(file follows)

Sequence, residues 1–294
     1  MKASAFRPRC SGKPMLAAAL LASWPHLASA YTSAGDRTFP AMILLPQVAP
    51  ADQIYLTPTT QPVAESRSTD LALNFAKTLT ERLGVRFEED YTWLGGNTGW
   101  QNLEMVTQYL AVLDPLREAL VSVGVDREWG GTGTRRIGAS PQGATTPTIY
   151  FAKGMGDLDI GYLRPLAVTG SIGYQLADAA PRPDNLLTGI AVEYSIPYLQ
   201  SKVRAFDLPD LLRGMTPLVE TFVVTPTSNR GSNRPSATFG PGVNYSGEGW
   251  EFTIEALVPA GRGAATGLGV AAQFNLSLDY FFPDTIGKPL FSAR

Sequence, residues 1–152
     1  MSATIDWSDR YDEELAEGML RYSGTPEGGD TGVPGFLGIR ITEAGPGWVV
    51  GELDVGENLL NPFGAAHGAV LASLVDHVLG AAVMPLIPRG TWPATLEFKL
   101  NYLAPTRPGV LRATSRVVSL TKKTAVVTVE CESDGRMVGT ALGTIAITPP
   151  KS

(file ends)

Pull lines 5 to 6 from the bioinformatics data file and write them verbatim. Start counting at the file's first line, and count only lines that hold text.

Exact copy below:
   151  FAKGMGDLDI GYLRPLAVTG SIGYQLADAA PRPDNLLTGI AVEYSIPYLQ
   201  SKVRAFDLPD LLRGMTPLVE TFVVTPTSNR GSNRPSATFG PGVNYSGEGW